Judging from the initial budget numbers being projected for 2013-15, the first legislative session for the next Governor will look a lot like the past few legislative sessions: focused on realigning state spending within forecasted revenue.
The Attorney General's Office has submitted the short descriptions for the two non-binding advisory votes that will appear on the November ballot as required by Initiative 960 for tax increases not first submitted to the voters for approval.
Earlier this year State Auditor candidate Rep. Mark Miloscia (D) and Secretary of State candidate Sen. Jim Kastama (D) asked the Attorney General's Office to review the decision by the Office of Financial Management (OFM) to advise agencies to not comply with a state requirement to undergo a quality management assessment.
When adopting for the third time the state's supermajority requirement for tax increases in 2007 with the passage of Initiative 960, voters also approved the requirement for a non-binding advisory vote for any tax increase not first sent to the voters for ratification.
This legal requirement means voters should have the opportunity to consider at least one tax increase advisory vote this fall.
The Secretary of State's Office has certified I-1185 for the November ballot. If approved by voters, I-1185 will mark the fifth time in the last 20 years that voters have adopted the requirement for tax increases to receive a supermajority vote or voter approval.
Here is the track record for the state 2/3 vote requirement for taxes policy at the ballot:
Though somewhat lost in the background of the recent U.S. Supreme Court ruling on the constitutionality of the federal health care law, the Court's decision to give states discretion on whether to pursue the law's expansion of Medicaid could have the biggest impact on state budgets going forward.
Lawmakers received some good news today with the state's caseload forecast adding approximately $56 million to the minuscule budget ending fund balance. Had the caseload forecast instead gone the other way and resulted in an increase of $56 million in costs, the balance sheet for only the general fund would have been a negative $33 million.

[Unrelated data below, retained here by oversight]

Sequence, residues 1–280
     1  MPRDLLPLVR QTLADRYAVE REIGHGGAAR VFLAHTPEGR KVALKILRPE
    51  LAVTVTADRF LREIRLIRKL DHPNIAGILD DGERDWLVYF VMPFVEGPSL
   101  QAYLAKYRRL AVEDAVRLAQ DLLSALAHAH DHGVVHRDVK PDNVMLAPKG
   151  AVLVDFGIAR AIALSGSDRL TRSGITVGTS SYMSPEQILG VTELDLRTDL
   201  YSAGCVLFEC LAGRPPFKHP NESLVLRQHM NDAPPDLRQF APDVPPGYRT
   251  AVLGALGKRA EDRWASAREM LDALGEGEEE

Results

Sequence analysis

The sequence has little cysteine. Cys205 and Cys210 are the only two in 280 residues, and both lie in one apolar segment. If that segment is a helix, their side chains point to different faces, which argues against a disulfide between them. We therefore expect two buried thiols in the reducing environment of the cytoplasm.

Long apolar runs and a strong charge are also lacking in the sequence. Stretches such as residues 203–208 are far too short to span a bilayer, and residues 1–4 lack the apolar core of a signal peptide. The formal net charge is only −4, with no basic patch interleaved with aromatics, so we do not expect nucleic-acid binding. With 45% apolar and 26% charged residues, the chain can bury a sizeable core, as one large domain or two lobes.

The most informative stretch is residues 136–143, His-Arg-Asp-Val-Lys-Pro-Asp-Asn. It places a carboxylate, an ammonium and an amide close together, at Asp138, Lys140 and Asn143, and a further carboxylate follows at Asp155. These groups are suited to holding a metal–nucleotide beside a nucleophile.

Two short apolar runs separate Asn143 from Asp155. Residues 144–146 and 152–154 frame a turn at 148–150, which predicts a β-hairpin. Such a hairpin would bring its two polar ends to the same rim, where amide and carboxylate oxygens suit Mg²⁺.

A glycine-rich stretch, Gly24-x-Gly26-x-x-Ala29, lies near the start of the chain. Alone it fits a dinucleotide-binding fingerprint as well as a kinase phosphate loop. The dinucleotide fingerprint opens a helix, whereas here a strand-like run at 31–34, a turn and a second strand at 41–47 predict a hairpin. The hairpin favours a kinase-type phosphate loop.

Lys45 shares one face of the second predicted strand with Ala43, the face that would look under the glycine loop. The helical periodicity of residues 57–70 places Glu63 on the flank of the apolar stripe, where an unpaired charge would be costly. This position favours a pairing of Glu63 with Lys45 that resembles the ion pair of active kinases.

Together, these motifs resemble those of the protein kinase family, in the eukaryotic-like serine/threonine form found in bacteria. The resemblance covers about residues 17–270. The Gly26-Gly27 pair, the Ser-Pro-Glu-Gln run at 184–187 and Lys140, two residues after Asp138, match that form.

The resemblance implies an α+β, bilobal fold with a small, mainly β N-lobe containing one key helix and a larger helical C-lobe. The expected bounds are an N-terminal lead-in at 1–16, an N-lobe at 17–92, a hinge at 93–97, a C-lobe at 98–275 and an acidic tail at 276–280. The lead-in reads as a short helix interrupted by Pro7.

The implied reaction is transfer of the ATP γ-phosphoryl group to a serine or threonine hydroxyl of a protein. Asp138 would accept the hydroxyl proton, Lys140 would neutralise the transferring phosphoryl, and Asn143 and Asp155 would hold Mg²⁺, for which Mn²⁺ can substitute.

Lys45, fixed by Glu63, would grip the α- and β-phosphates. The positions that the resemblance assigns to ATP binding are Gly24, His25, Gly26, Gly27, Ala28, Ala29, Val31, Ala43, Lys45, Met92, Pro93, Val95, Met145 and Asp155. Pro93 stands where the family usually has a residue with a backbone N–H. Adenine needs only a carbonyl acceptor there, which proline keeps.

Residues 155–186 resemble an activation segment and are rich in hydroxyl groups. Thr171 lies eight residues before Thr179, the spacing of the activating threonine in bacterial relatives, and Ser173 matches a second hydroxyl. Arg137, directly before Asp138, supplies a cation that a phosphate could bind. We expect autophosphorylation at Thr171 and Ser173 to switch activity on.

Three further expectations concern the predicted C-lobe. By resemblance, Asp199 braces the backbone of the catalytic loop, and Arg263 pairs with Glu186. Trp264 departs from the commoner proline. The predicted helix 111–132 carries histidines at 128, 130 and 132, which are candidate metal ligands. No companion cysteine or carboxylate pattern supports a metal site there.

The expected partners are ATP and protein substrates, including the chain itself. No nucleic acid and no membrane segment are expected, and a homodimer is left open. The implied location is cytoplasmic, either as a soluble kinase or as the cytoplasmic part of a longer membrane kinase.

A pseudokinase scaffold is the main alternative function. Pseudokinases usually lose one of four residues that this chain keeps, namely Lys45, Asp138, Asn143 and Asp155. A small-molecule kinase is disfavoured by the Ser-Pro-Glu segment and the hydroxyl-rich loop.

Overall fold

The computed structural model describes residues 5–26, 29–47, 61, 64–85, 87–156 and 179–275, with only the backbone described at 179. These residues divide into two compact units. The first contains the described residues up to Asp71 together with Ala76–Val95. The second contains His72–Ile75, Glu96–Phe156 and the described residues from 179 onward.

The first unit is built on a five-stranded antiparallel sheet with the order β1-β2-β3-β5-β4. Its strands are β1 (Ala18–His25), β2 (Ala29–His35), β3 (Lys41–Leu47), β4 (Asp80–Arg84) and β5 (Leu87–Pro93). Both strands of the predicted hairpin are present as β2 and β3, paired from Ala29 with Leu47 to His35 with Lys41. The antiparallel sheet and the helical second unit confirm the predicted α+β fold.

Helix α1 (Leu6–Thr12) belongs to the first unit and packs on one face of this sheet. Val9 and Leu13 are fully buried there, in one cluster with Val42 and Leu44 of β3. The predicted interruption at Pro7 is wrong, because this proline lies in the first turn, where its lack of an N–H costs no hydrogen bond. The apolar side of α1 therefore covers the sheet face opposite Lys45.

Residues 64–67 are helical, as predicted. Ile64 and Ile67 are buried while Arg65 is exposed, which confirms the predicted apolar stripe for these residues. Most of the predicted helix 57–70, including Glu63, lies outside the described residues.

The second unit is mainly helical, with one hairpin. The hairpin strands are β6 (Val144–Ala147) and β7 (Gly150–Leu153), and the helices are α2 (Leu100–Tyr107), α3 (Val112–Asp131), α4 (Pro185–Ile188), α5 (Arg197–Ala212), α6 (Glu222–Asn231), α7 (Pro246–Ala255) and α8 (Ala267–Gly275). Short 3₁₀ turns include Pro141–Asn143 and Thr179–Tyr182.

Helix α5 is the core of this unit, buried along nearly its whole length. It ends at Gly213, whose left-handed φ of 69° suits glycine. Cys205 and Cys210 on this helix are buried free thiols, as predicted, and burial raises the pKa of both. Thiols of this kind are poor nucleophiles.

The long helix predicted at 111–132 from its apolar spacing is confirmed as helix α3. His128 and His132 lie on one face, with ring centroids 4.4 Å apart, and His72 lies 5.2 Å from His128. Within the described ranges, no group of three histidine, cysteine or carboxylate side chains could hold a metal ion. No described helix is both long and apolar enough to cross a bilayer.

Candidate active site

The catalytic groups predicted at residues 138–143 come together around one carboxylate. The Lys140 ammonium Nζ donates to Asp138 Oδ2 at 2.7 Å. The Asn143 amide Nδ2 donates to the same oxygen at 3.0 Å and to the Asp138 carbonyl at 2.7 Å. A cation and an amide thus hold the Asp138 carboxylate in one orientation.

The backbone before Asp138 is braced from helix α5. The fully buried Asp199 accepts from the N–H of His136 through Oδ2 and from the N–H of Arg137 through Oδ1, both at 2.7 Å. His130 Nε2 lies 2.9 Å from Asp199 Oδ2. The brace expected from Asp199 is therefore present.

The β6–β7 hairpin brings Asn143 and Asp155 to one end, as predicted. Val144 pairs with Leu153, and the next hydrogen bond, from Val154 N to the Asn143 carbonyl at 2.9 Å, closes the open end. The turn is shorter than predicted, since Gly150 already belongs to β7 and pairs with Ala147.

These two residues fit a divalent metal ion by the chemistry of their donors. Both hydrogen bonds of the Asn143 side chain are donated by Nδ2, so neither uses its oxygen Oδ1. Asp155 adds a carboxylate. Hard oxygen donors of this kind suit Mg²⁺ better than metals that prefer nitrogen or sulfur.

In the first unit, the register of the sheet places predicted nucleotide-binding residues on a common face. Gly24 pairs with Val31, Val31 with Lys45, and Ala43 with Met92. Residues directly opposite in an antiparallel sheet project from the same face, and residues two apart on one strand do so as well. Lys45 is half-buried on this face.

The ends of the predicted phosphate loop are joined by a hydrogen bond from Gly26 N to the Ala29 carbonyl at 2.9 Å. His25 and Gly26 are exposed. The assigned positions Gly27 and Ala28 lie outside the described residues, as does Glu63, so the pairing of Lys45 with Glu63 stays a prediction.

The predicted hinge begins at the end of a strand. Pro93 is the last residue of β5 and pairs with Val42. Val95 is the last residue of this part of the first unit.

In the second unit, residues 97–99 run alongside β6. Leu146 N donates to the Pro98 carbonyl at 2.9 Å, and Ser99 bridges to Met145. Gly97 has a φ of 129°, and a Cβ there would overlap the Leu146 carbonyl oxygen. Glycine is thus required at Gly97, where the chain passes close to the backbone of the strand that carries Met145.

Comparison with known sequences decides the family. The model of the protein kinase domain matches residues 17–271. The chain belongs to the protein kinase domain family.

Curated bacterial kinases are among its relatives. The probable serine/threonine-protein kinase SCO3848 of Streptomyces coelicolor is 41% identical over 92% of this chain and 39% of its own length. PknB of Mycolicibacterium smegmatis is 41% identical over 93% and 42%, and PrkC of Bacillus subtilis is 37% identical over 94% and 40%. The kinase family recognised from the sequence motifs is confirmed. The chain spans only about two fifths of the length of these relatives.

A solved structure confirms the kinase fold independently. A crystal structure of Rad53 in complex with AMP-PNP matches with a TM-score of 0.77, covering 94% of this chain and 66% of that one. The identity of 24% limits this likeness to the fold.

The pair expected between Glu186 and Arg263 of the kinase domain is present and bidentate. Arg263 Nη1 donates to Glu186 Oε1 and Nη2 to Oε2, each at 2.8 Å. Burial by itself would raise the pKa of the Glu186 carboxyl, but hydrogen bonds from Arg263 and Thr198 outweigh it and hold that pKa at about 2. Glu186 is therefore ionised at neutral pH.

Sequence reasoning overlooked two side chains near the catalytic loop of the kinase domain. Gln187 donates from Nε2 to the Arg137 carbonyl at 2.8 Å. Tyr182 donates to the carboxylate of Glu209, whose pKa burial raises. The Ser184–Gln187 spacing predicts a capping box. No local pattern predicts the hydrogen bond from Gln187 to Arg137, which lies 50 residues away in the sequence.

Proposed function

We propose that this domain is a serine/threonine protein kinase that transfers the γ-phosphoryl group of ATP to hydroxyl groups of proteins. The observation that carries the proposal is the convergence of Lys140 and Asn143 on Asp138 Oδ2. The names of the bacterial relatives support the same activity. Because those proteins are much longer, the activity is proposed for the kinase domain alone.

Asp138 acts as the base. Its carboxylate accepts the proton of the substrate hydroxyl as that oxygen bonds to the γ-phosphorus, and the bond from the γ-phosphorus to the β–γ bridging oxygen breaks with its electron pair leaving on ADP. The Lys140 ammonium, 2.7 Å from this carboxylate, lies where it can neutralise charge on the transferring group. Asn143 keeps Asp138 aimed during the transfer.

Based on a state brief in the roll-your-own cigarette "tax" lawsuit being heard today at 2 p.m. in Franklin County, lawmakers may be able to ignore a law without first repealing it by passing a new law.
Next week the U.S. Supreme Court is expected to decide the fate of the controversial federal health care law. With the Court's ruling less than a week a way it was interesting to see the following sole-source contract notice posted yesterday by the Office of Financial Management (OFM):
State Auditor candidate Rep. Mark Miloscia (D) and Secretary of State candidate Sen. Jim Kastama (D) are unhappy with the decision by the Office of Financial Management (OFM) to advise agencies to not comply with a state requirement to undergo a quality management assessment. Rep. Miloscia and Sen. Kastama have asked the Attorney General's Office to review OFM's action and provide an official opinion on the legality of the decision.
Jason Mercier is Director of the Center for Government Reform at Washington Policy Center. He is a contributing editor of the Heartland Institute’s Budget & Tax News, serves on the board of the Washington Coalition for Open Government, and was an advisor to the 2002 Washington State Tax Structure Committee. In June 2010, former Governor Gregoire appointed Jason as WPC’s representative on her Fiscal Responsibility and Reform Panel. Jason holds a Bachelor’s degree in Political Science from Washington State University.